I went to the library the other day to return some things and wandered about the aisles; some ten minutes later I realized I’d stacked a half dozen books up (despite there still being two waiting for me on my nightstand). No matter, four of them were romances and I’ve read three of them in as many days. First off is Courtney Milan’s Proof by Seduction. Funnily enough it’s one of two romances I checked out with Seduction in the title. It IS quite a word, isn’t it?
Proof by Seduction is the tale of Jenny Keeble, aka Madame Esmerelda, a lower-class fortune teller with no legitimate extra-sensory powers. One of her most frequent clients, Ned Carhart, is a delightful but sensitive and damaged young man with serious need of supportive friendship and guidance. He gets this from Jenny, but not from his domineering cousin Gareth Carhart, Lord Blakely. Gareth is your typical man of stone; emotion isn’t something he values. Science and reason are Gareth’s forte, so when he hears about Ned’s frequenting of a fortune teller he decides he must prove the woman a fraud and a cheat so that his cousin will finally see the truth about the woman in whom he has such faith.
It’s not a surprise here that as soon as he meets Mme E, Gareth is incredibly drawn to her, though he struggles to reconcile this with his burning desire to crush her and publicly refute all her skills. Out of thin air, she predicts that Blakely will meet the woman he will marry at an exact time at a ball the next evening. What follows are a series of challenges Jenny sets forth, both in order to buy time and to see if Gareth will rise to the occasion. Over the time of the book Gareth and Jenny find themselves more and more drawn to each other, and what’s left is for both of them to conquer their internal prejudices about love and relationships.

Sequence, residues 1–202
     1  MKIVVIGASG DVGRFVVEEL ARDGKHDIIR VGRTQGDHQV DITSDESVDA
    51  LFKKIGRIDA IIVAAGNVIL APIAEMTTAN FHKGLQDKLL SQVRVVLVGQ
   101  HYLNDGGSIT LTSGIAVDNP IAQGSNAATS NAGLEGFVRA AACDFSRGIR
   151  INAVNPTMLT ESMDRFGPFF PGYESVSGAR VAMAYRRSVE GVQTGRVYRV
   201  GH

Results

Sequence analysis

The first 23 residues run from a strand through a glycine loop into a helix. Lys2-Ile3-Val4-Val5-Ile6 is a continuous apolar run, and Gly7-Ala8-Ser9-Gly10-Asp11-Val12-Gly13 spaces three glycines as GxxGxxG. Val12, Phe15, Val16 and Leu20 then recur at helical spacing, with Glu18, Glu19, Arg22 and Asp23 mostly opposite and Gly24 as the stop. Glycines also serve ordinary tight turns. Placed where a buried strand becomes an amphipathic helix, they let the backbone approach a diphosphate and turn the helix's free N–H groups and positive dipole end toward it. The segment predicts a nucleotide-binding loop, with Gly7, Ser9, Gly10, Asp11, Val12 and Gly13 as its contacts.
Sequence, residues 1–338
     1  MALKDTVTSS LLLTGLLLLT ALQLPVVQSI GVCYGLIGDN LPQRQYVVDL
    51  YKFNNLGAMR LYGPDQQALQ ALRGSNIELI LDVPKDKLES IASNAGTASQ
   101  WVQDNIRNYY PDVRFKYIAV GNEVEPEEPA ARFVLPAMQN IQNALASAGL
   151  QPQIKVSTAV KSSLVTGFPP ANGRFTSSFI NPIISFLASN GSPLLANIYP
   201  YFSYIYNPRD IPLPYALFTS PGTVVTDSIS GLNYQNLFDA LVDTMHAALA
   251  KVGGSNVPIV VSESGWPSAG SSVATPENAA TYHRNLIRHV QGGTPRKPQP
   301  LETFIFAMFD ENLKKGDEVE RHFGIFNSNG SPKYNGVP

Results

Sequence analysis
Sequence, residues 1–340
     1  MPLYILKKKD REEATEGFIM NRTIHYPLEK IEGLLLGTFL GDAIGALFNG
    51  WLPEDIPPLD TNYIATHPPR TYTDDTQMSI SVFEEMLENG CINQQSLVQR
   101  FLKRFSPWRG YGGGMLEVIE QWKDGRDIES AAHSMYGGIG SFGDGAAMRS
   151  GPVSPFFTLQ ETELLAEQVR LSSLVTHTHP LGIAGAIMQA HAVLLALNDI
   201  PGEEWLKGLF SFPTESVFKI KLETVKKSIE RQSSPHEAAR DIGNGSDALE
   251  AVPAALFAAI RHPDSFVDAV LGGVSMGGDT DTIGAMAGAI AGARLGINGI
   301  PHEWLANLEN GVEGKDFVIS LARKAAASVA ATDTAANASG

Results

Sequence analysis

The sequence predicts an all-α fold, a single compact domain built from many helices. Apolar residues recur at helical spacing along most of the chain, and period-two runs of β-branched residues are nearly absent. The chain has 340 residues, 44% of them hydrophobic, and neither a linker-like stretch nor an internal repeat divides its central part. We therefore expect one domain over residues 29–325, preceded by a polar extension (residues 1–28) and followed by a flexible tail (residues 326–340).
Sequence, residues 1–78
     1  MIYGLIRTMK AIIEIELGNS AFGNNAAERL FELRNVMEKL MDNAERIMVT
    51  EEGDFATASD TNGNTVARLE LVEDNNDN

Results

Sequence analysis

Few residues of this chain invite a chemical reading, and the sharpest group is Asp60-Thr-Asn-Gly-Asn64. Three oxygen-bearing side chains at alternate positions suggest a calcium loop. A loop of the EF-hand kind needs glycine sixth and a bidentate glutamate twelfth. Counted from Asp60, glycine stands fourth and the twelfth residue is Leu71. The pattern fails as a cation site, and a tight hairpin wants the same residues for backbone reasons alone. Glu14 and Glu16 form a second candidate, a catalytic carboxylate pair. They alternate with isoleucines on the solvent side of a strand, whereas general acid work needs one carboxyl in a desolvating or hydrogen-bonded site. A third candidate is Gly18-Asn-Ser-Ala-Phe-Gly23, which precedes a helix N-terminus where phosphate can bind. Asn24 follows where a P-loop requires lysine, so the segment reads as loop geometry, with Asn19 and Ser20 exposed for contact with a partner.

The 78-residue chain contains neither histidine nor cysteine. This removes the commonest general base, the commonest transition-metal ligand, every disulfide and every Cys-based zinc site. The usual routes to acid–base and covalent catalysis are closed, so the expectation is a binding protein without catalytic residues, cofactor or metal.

I enjoyed this book and the main characters separately. Together, they’re great as well, but sometimes it is hard to distance myself, a modern feminist woman, from what would have been normal behavior between the sexes during this time period, so I often found myself saying “Jenny, screw this, leave this asshole.” (If I failed to mention that, the book takes place in the 1800s in England.) Jenny is likeable, adventurous, and sees more in people than even she realizes. She often pinpoints what other characters are struggling with and calls them to account for it. Gareth’s lack of humanity, to her, isn’t a foregone conclusion. She recognizes what must have made him the way he is and encourages him (through her challenges) to make strides to change that. Gareth is a little more one-dimensional than Jenny; he basically is a man who suppressed the emotional, empathetic side of himself as a defense mechanism and bullies his way around the rest of life in order to escape emotional entanglements. He stubbornly clings to feelings of superiority throughout the novel, which makes him a little less appealing than our heroine here. Overall, theirs is a humorous and enjoyable courtship, and in the end, the heroine stands up for her wants and needs and everyone is happy, which is what we all want out of a paperback romance, isn’t it?